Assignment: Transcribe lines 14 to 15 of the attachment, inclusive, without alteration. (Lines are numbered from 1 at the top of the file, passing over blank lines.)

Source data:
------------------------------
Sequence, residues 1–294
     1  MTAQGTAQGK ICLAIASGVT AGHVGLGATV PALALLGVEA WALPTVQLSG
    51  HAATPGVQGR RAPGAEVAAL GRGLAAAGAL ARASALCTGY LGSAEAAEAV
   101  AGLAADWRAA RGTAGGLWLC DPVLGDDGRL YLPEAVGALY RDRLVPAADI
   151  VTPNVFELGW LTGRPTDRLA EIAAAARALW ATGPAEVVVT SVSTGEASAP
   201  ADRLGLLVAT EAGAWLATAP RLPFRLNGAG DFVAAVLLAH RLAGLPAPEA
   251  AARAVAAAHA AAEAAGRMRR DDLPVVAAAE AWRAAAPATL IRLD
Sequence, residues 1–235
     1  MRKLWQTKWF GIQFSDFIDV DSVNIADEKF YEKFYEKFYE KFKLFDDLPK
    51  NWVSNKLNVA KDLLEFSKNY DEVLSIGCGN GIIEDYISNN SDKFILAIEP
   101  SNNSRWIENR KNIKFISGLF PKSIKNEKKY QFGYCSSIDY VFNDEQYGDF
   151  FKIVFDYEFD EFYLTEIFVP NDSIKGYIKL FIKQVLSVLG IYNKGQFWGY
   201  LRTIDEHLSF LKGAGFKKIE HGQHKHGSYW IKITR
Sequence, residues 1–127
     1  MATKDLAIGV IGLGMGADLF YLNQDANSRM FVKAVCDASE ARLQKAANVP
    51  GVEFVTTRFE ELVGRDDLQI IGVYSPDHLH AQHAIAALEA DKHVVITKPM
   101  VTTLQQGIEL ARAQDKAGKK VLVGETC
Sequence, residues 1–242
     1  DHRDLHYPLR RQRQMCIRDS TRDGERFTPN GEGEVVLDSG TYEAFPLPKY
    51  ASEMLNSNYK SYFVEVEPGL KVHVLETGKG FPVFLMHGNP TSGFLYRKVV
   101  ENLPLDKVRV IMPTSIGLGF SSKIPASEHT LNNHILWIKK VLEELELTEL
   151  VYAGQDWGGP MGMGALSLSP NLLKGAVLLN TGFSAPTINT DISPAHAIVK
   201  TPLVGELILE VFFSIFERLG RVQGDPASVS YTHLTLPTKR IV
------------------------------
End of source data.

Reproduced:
Sequence, residues 1–127
     1  MATKDLAIGV IGLGMGADLF YLNQDANSRM FVKAVCDASE ARLQKAANVP